Editorial: A new beginning for Middlebury?
After three trying years of construction, including almost 10 weeks without downtown traffic this summer, Middlebury is on the verge of a new beginning — at least as much of a new beginning as a town founded 259 years ago ever gets.
When the ribbons were cut this Friday to reopen newly black-topped Main Street and Merchants Row, complete with granite curbs, wider sidewalks and a greatly expanded Triangle Park, a great sigh of relief reverberated deep down in this community’s soul. It’s somewhat akin to how storm survivors must feel after emerging from their shelters, realizing they survived. Not quite joy, nor triumph, but happy to have made it to the other side.
The 360-foot railway tunnel and reconstruction of Middlebury’s core were preceded by a five-year political battle that yielded a $72 million project far beyond the scope of what most residents first imagined. It was bigger, more elaborate, more complex, more impressive a feat of engineering than one would have thought possible, or necessary. But any complaints or argumentative diminishments are history.
It’s done, it appears to have been done extremely well and it presents Middlebury with a revitalized path forward.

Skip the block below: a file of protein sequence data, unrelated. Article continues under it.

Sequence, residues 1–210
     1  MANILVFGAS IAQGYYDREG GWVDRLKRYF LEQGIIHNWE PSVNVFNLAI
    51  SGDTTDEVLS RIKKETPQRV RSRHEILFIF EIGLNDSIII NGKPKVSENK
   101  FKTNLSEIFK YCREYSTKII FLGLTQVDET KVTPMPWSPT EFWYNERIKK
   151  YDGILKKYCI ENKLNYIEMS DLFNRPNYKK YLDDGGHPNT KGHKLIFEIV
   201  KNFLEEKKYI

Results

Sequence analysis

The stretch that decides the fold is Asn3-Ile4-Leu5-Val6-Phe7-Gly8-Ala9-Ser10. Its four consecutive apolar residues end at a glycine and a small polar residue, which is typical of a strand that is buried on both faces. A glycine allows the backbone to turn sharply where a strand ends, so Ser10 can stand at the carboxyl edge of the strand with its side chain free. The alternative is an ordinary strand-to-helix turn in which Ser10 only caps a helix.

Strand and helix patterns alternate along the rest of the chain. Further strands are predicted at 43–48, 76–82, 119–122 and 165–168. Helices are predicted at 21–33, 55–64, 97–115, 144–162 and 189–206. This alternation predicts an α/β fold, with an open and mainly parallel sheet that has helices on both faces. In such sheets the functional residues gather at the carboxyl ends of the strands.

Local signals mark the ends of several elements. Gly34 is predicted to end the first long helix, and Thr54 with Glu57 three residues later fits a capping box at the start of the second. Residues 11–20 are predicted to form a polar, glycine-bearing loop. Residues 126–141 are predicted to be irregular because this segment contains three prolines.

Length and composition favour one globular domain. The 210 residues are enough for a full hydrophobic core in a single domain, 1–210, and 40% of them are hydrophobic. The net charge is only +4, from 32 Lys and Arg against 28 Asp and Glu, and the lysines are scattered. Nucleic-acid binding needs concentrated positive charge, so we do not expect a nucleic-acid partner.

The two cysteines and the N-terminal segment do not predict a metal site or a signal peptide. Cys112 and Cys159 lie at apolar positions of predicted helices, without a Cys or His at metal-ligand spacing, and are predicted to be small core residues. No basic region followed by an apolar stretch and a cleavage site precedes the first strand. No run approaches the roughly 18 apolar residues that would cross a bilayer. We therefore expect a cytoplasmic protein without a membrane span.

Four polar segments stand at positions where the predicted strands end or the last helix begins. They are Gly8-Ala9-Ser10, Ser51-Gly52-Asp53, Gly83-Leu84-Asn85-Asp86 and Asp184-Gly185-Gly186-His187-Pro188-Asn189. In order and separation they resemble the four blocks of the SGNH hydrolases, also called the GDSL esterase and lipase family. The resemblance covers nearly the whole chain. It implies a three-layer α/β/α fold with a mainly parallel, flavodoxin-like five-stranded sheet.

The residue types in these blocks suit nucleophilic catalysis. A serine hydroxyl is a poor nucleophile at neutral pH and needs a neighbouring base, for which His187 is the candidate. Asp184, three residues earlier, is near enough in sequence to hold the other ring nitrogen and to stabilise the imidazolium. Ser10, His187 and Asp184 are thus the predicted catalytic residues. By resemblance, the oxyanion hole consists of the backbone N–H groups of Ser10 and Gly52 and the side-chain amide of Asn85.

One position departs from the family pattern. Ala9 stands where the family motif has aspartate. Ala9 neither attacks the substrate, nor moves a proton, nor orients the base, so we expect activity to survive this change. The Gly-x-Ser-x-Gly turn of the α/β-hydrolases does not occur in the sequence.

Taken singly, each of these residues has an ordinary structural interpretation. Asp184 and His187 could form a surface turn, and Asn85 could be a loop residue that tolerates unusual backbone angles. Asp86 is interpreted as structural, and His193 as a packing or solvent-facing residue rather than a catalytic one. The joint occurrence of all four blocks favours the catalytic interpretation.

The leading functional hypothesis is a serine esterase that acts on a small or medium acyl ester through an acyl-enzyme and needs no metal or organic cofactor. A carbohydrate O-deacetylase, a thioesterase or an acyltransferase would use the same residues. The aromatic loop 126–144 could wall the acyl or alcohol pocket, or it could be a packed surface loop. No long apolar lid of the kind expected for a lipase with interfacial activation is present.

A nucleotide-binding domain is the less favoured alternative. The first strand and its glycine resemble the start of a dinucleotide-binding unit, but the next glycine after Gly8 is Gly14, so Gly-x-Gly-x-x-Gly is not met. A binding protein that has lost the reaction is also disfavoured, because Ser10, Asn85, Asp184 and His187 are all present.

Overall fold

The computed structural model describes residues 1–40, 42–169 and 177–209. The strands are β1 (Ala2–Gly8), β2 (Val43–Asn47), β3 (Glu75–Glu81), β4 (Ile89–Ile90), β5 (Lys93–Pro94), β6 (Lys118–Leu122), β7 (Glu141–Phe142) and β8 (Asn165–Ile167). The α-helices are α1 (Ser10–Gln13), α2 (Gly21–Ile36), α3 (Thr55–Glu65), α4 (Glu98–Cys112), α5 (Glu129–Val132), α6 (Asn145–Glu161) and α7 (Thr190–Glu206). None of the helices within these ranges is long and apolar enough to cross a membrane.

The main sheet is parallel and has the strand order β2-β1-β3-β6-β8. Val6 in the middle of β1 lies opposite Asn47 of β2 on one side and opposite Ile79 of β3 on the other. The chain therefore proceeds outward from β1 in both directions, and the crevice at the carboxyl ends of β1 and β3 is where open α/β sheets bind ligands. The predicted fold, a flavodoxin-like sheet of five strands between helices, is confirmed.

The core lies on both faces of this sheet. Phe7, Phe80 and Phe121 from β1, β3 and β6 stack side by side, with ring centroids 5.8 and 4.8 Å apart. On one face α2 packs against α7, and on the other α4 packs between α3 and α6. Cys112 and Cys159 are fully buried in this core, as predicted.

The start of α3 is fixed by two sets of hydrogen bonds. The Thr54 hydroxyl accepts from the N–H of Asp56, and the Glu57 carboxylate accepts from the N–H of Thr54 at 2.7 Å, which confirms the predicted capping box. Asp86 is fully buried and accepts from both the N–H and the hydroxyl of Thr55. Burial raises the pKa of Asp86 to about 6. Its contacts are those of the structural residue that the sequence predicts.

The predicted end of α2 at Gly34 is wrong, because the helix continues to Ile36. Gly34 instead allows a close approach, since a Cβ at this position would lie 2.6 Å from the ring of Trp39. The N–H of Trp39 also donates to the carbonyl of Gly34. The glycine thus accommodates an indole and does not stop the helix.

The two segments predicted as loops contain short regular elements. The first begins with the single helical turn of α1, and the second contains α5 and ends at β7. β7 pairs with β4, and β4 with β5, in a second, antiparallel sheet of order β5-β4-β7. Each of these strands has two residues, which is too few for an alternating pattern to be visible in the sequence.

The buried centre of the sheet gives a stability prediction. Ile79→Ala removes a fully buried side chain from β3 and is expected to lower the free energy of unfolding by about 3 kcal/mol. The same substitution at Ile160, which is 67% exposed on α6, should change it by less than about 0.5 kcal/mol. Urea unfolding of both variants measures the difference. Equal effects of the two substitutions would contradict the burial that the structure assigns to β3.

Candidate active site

Over the next few weeks, Triangle Park will begin taking shape; new parking and the Main Street entrance to the Marble Works Business District will be completed; a new rail passenger platform will be built off of Seymour Street and Maple Street will get refurbished; and a more pleasant riverfront will emerge between the Battell Block and the Cross Street Bridge — hopefully with adequate access and public benches so people can enjoy the Otter Creek in an urbanesque setting (as in other communities with a river as enchanting as the Otter Creek can be). There is ample space to do so, and while this might have to be done with town funding, it would be a shame to bypass the opportunity.
More importantly, we must rekindle downtown Middlebury’s verve and vitality. Throughout this construction period many businesses were weakened and several closed. The pandemic added its own burdens and will continue to hinder businesses that serve as community places to gather, but more darkly it demonstrated how pervasive online shopping has become. Local retail is a shadow of its former self.
Finding the right mix of retail, professional, residential, academic and personal services to embrace the downtown will be a challenge, though other communities have done it well and Middlebury starts with strong assets. It begins with asking each other what, in our most idealized vision of our town, we want to portray — in effect, asking the artist to paint a portrait of who we are now and who we might become tomorrow.
New beginnings create exciting opportunities. They beckon the area’s brightest, most energetic and most creative minds to step forward. Don’t hesitate. Opportunities missed too often dull a town’s inherent optimism.
— Angelo Lynn